Should you change your garage light to an LED?
If you spend a fair bit of time in your garage, an LED garage light will pay for itself in a short time. You’ll have ample light for a fraction of the energy cost of halogen or incandescent garage lighting.
Since not everyone agrees on terminology, I’m going to cover two different kind of LED garage lights here – so whatever led you to this page, I hope to help you!
- LED lighting for garages: LED lights (typically rectangular arrays of lights) that can be used to light up your garage brightly and more cheaply than incandescent bulbs or fluorescent tubes
- LED work lights: Caged lights with a hook, typically used for car maintenance.
LED lighting for garages
If you have a workshop in your garage or do a lot of car maintenance, an LED garage light mounted on the garage ceiling (or hanging from the roof rafters if there is no ceiling) is a more energy efficient choice than fluorescent or incandescent lighting.
After a rocky start with issues of brightness and quality, LEDs have come into their own over the last decade, and are now the best choice from an efficiency and longevity perspective. They typically use about an eighth as much electricity as incandescent bulbs. They are ideal for lighting up large spaces inexpensively.
Regular old LED light bulbsare a good option for a garage light where you currently have good light levels with incandescent or compact fluorescent bulbs, but want to conserve energy. Just replace each incandescent bulb or CFL with an LED bulb. To decide whether it make economic sense to replace the bulbs, use my LED savings calculator. If you only use the garage a couple of hours a week, replacing the incandescent lights with LED garage lights may not be the best way to save energy.
If your garage is like mine – a single incandescent bulb in the middle of the garage ceiling – you may well want more lighting so you can use the garage for more than storage. It’s really hard to turn a garage into a workroom or auto shop with poor lighting. In that case, it makes more sense to replace your one or two incandescent fixtures with flood-type LED fixtures. These lights provide great light distribution and draw very little power.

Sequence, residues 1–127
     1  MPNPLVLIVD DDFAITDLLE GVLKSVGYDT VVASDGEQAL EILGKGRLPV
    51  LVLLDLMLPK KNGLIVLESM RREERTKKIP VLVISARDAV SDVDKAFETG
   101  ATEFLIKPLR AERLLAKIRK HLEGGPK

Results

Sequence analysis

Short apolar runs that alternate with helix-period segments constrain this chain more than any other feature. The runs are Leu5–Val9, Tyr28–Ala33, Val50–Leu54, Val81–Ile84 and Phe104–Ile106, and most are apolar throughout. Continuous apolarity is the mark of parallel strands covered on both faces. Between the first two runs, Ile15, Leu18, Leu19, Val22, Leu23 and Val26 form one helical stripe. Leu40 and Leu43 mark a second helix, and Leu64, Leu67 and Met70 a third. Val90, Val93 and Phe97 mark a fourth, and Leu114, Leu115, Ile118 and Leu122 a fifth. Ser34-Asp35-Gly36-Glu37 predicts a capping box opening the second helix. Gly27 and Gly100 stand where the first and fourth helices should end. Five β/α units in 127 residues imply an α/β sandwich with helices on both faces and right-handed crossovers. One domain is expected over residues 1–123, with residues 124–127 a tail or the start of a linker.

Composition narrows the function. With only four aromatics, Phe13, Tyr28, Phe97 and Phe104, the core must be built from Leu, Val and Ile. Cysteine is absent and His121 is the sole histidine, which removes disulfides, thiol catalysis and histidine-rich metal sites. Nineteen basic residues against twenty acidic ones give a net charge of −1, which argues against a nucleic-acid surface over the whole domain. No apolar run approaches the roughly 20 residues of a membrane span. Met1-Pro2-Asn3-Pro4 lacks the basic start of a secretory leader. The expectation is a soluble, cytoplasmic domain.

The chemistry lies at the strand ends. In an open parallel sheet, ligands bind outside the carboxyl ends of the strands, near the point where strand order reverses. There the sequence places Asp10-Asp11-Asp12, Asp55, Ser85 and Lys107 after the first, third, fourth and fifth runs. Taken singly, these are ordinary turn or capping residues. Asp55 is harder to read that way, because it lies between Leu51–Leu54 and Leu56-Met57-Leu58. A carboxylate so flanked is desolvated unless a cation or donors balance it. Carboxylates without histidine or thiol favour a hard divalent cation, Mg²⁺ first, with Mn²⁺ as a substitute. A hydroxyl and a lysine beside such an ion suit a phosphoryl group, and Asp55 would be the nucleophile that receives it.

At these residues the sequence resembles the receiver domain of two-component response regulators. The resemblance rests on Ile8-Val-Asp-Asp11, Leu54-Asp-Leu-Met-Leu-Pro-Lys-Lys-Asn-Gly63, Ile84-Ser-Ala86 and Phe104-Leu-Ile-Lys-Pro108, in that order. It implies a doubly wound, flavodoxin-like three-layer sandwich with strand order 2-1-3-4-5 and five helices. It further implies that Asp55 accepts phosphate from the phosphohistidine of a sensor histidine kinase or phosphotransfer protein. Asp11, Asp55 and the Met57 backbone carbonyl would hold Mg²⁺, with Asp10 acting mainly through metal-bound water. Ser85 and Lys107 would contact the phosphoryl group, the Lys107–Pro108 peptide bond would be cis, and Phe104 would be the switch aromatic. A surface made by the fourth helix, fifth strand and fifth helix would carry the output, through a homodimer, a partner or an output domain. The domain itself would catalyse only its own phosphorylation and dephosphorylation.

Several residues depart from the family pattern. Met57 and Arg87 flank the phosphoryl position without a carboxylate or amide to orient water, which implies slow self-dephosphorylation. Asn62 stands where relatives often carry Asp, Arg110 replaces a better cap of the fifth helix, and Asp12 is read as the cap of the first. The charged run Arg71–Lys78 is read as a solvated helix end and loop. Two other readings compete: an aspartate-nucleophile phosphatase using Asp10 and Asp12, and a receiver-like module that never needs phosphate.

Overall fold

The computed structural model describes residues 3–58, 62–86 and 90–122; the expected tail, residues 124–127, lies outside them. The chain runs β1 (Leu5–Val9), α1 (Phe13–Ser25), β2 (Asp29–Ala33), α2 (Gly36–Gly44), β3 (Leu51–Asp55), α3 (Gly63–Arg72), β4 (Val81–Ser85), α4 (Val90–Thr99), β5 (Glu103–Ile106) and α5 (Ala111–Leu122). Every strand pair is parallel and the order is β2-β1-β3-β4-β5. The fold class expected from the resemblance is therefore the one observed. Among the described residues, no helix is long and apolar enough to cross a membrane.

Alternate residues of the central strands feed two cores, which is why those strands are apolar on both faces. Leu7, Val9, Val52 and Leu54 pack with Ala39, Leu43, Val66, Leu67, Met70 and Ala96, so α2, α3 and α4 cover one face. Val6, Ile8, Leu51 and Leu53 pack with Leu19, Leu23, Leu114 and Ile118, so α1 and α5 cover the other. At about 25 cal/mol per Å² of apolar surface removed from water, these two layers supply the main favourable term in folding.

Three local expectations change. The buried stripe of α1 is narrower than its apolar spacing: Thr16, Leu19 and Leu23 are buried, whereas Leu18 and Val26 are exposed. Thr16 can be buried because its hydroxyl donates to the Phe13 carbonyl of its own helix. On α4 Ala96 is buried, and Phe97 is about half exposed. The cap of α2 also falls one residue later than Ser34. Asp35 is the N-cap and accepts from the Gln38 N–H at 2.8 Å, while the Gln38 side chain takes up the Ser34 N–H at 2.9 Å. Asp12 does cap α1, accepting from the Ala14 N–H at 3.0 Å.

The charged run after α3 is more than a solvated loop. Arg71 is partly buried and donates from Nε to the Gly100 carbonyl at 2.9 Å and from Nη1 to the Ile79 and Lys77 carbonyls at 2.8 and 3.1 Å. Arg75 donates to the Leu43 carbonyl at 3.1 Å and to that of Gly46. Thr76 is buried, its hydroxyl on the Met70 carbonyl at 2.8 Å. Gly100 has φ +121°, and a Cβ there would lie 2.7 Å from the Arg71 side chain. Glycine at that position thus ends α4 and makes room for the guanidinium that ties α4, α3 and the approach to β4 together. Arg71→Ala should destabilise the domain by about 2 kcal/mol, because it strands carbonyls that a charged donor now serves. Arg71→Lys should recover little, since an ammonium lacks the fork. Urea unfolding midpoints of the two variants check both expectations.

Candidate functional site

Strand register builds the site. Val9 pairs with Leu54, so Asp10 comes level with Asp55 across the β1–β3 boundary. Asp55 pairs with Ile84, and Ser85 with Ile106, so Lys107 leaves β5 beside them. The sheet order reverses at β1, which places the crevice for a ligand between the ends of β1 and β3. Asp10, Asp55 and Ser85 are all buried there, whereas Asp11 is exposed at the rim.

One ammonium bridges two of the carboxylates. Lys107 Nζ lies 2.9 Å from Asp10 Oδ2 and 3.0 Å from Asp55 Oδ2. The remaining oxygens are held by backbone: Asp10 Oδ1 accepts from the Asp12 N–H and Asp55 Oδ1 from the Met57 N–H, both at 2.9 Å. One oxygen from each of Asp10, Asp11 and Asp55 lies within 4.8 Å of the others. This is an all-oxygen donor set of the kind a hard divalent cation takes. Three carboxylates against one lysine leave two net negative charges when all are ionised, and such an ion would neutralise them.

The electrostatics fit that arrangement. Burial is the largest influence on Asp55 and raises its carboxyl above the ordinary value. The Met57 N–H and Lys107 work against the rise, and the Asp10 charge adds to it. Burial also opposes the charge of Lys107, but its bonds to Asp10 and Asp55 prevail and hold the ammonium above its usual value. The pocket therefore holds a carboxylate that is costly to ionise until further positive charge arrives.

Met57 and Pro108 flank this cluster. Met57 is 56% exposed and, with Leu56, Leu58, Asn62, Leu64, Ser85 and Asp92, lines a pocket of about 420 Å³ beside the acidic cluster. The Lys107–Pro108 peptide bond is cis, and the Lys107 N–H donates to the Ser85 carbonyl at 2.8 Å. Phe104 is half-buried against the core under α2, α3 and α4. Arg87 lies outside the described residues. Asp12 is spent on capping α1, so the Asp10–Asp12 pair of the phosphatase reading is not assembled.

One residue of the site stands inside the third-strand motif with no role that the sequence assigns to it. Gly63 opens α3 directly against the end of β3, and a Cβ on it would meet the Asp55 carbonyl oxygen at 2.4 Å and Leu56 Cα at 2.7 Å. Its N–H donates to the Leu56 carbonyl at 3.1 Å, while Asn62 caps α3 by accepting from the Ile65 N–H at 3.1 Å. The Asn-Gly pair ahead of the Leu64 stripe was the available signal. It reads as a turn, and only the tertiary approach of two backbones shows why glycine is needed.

If you really want to cut your electricity costs, or you want to use solar electricity to light up your garage, consider a solar utility LED light. These are a great choice if an area on or near your garage gets plenty of sunlight. The unit pictured comes with a rechargeable battery and a remote control. You can switch between motion-sensor and on/off modes, and it provides up to 1000 lumens of light (four brightness levels), with a charge life of up to 20 hours on a 6-8 hour solar charge.
The light is bright and it will last 3 hours on a charge. For the cost of a 10 watt panel, it’s like getting the light for just a few dollars.
LED work lights
If you spend a lot of time staring under the hood of a car, an LED garage light probably means a work light to you. There are a number of good-quality LED work lights available, such as the 110W work-light shown at left.
This model uses 110 watts of power – which is more than an old incandescent work light would have used – but produces a whopping 16,500 lumens of light output, which is equivalent to about twenty 60-watt incandescent light bulbs. It comes with a 14.7 foot power cord. This LED garage light has a safety hook for hanging, a protective cage around the lights, and on-off switch. This light provides 360-degree lighting, so no more fiddling with your garage light to get it to point in the right direction.
This light is great for getting a very clear view of the innards of your car or truck engine, but also helpful for whole-garage applications. Hang it from the ceiling and your garage will be brighter than the rooms in your house!